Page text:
The Trump administration dealt a severe blow this past week to Kaspersky Lab, the Russian cybersecurity company that has become a global titan, with hundreds of millions of personal, corporate, and government computers dependent on its anti-virus products and services. On September 13, Acting Secretary of Homeland Security Elaine Duke issued a Binding Operational Directive (BOD) directing federal executive branch departments and agencies to “take actions related to the use or presence of information security products, solutions, and services supplied directly or indirectly by AO Kaspersky Lab or related entities.”
The BOD calls on departments and agencies to “identify any use or presence of Kaspersky products on their information systems in the next 30 days, to develop detailed plans to remove and discontinue present and future use of the products in the next 60 days, and at 90 days from the date of this directive, unless directed otherwise by DHS based on new information, to begin to implement the agency plans to discontinue use and remove the products from information systems.”
The DHS directive says this action “is based on the information security risks presented by the use of Kaspersky products on federal information systems. Kaspersky anti-virus products and solutions provide broad access to files and elevated privileges on the computers on which the software is installed, which can be exploited by malicious cyber actors to compromise those information systems.” According to acting Secretary Duke, “The Department is concerned about the ties between certain Kaspersky officials and Russian intelligence and other government agencies, and requirements under Russian law that allow Russian intelligence agencies to request or compel assistance from Kaspersky and to intercept communications transiting Russian networks.” The directive further states: “The risk that the Russian government, whether acting on its own or in collaboration with Kaspersky, could capitalize on access provided by Kaspersky products to compromise federal information and information systems directly implicates U.S. national security.”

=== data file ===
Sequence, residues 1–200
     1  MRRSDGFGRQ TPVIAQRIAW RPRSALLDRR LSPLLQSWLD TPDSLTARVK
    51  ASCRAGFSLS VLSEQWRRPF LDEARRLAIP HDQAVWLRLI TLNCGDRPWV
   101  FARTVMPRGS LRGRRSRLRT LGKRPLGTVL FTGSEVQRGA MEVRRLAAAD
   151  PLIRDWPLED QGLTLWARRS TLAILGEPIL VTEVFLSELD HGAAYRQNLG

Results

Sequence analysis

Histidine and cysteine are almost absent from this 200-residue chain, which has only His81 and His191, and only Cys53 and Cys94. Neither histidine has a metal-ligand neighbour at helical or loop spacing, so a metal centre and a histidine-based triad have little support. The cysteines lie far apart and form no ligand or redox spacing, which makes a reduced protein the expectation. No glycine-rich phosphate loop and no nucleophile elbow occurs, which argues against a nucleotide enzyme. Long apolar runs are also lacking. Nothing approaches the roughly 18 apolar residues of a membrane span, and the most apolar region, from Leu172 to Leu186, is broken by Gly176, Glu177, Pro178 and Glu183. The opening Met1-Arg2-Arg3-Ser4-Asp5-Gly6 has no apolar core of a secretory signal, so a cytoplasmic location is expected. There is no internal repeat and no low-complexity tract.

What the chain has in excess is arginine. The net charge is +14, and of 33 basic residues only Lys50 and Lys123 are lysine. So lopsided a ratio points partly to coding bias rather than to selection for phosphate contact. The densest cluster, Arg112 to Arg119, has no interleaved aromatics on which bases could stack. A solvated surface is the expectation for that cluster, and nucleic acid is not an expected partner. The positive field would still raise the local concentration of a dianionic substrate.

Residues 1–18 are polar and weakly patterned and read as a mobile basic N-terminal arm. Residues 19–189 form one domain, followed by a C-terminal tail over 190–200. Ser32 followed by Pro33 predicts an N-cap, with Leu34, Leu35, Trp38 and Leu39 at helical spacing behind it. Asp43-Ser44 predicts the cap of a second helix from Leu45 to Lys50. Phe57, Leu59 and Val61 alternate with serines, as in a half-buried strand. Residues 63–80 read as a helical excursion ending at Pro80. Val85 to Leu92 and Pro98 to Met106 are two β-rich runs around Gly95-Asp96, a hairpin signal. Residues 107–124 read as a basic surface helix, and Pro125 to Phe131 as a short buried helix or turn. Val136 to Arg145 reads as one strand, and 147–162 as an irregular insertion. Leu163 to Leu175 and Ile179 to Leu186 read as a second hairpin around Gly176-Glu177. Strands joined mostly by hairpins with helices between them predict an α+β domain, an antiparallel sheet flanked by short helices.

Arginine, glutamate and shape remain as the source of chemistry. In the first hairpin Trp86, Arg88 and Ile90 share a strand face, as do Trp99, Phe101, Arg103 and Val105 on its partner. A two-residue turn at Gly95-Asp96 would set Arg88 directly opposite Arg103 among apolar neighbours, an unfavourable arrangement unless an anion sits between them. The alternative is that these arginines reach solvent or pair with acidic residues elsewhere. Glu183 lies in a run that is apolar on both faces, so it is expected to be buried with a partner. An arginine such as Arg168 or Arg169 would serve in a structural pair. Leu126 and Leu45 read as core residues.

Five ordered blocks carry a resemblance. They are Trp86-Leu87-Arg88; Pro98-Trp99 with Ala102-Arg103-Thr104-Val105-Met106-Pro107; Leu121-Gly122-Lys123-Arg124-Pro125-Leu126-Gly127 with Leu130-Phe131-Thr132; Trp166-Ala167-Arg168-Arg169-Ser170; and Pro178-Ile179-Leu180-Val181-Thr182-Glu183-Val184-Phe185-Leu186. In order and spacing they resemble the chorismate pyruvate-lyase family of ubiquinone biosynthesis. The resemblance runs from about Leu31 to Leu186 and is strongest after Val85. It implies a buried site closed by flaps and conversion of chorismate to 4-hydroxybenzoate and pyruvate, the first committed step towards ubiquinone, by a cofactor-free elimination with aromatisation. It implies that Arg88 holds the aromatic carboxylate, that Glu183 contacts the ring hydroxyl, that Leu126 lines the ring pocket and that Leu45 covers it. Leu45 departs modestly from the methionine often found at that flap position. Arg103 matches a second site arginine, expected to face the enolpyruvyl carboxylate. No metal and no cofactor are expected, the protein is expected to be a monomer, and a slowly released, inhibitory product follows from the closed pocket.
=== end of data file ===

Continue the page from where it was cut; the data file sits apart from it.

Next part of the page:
The September 13 action was a followup to a July directive from the U.S. General Services Administration, the agency that manages the federal bureaucracy, removing Kaspersky from a list of approved vendors.
Kaspersky Lab was founded in 1997 by Yevgeny “Eugene” Kaspersky, a tech genius of sorts who has been affiliated with Soviet and Russian intelligence agencies most of his life. The 51-year-old Russian billionaire, who is CEO of Kaspersky Lab, was a member of the Komsomol, the youth division of the Communist Party of the Soviet Union. He began his rise to fame when, at age 16, he was accepted for a five-year training program at the Institute of Cryptography of the KGB Higher School.
Kaspersky has maintained close ties to the KGB and its successor, the FSB, ever since. As a “Pal of Putin,” Kaspersky is one of the Russian oligarchs who has not only survived, but prospered. He has led a charmed existence, jetting about the world and enjoying celebrity status, such as speaking at the World Economic Forum and other glittering assemblages of “the great and the good.” Interestingly, Kaspersky has been treated quite favorably (in general) by the same media liberals who have been on a witch hunt for the past year in a non-stop campaign claiming that Donald Trump was put into the White House by computer hacking carried out by Russian President Vladimir Putin’s intelligence services. Despite their desperate efforts, they have failed to turn up any evidence of Trump-Putin collusion. However, if there had been any collusion or conspiracy, it’s a good bet that Kaspersky would be in some way involved.